The difficulty in which many writers find themselves is, should they pass up a good, solid interesting story or should they “rat out” some friend or acquaintance?
Joan Didion says, “A great memoirist, even one moved primarily by love and devotion, must possess a certain amount of ruthlessness.” The question to the author is, “Should I put down the truth about the person in my story or should I sugar-coat perhaps the lying and devious aspects with falsehoods and fiction?” That is the moral question!
The whole country continues to mourn the deaths of 20 children and six adults who died in last month’s school shooting in Newtown, CT. And while we wait for the motive to emerge and policy proposals to surface, we can speak out now on behalf of families who need greater access to mental health treatment and other social services that ultimately will prove more effective in protecting and strengthening all of us; children, adults and our communities.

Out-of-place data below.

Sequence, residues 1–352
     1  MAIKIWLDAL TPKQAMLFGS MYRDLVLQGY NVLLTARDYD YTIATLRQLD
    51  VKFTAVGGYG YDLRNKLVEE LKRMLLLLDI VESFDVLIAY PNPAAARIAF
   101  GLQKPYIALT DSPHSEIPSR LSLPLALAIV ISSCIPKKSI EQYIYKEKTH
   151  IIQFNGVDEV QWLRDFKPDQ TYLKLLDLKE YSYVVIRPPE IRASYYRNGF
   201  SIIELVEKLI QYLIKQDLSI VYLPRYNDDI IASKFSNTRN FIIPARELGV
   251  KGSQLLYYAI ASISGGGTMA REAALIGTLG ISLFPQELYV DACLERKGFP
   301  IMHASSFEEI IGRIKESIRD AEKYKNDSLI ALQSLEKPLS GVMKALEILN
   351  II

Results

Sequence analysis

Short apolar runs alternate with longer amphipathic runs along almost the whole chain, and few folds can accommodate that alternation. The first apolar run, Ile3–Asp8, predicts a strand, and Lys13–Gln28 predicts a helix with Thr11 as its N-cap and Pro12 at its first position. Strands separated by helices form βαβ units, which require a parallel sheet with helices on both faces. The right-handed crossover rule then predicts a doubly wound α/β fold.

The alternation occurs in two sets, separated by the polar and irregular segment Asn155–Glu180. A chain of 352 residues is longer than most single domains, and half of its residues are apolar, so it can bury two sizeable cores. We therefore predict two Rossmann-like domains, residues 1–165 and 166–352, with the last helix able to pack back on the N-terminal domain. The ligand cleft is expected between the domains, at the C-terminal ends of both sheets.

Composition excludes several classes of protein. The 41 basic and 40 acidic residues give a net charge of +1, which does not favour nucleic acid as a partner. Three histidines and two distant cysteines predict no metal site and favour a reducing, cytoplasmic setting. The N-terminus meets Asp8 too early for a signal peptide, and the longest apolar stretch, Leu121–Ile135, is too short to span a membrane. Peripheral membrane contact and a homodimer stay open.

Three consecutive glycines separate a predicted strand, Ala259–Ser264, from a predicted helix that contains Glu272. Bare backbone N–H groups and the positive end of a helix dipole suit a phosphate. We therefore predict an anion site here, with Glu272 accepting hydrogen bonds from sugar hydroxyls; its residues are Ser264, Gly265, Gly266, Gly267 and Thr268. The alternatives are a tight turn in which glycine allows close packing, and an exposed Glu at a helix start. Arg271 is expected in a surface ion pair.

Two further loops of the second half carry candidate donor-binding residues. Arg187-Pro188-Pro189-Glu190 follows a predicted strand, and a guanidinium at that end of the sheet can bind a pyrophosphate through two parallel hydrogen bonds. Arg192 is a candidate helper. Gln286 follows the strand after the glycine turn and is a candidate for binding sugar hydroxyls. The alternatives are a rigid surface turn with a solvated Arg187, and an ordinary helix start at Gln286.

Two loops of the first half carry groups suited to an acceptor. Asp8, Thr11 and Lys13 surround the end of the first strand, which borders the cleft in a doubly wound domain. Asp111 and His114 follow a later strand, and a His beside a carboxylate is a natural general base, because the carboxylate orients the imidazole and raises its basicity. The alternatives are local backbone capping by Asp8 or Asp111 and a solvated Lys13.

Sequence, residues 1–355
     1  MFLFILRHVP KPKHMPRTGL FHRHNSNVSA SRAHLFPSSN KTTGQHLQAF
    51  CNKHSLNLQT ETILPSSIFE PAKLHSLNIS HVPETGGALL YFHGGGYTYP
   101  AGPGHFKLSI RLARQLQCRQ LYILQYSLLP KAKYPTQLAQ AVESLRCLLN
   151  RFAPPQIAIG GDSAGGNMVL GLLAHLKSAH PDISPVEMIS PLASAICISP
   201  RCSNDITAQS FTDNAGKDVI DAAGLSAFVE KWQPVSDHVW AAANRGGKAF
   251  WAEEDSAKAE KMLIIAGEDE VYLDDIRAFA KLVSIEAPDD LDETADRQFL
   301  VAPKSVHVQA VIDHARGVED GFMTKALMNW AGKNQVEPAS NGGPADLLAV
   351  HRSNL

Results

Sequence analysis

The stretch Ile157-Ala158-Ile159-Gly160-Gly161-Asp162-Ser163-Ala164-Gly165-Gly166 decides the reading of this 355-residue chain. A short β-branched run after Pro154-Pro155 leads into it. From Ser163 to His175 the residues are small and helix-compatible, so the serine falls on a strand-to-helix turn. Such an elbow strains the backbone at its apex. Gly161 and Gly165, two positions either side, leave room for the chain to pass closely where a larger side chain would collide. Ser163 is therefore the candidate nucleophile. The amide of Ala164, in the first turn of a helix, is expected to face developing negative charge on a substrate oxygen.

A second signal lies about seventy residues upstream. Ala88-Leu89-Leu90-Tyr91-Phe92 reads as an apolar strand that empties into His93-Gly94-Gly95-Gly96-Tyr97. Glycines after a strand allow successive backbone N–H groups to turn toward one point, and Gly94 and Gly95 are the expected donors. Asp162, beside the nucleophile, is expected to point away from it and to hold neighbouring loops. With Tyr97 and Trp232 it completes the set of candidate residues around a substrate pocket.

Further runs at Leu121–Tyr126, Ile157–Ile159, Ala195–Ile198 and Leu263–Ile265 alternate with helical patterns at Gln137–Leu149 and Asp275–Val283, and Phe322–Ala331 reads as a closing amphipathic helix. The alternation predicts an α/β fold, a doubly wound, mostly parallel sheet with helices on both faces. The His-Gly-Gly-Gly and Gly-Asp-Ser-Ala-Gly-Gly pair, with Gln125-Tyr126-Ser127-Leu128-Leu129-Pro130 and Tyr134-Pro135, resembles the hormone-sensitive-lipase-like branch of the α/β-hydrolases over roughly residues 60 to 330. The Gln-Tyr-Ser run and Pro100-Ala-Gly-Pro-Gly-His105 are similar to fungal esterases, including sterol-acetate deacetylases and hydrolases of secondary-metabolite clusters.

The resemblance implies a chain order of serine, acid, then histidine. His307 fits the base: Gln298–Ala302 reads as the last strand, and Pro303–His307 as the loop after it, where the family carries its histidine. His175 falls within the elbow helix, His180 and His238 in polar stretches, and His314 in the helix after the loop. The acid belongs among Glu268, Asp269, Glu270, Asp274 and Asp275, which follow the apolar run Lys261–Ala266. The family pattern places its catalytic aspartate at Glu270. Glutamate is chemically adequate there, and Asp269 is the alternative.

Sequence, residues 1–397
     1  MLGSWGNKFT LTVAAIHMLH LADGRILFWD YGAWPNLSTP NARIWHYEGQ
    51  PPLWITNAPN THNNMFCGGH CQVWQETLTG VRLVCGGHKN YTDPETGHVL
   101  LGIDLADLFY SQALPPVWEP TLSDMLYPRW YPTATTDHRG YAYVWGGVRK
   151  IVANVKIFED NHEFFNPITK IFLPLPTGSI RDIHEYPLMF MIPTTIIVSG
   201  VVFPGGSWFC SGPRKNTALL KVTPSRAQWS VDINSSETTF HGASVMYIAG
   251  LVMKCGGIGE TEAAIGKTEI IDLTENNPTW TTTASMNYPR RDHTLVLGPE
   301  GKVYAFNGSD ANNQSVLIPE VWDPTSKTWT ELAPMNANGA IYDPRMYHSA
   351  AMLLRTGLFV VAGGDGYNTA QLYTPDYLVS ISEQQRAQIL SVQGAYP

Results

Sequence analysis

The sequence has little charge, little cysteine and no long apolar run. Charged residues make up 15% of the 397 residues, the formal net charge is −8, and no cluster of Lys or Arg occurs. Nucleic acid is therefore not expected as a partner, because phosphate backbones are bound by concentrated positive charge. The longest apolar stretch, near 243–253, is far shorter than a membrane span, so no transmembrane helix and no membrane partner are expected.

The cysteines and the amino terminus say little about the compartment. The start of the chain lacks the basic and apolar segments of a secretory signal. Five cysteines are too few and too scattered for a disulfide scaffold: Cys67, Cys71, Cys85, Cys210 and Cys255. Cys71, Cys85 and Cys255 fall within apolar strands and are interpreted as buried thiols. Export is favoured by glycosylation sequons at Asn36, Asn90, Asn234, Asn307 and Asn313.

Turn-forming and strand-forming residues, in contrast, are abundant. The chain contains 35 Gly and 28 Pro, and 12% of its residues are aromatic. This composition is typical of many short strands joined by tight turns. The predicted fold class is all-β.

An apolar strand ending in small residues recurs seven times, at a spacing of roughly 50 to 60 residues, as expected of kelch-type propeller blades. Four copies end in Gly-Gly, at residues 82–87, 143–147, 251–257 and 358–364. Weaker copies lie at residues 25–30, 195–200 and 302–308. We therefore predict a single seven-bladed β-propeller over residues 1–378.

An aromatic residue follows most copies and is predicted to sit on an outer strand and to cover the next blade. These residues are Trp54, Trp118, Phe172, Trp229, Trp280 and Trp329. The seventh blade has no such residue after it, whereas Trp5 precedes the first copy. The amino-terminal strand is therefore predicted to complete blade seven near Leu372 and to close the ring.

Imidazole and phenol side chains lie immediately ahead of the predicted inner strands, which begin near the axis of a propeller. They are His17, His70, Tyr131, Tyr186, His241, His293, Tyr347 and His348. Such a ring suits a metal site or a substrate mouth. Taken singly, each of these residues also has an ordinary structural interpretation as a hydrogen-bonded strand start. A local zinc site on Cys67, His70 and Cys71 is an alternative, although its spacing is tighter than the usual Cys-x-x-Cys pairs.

As the head of a human services organization, I believe it is part of our mission to inform and educate the public on important issues facing today’s families in a balanced and professional manner. As the result of this tragic event, there will be a temptation to look for quick answers; overly simplistic, one-size-fits-all solutions.
For eight years my wife and I have been staying near Whitney Beach on Longboat Key, Florida. For the first time it has two huge tidal pools, which I call Lake Victoria #1 and #2. These tidal pools, stretching for almost half a mile, not only have given this beach the look of a wild coast, but appear to have attracted more birds to this already avian rich beach.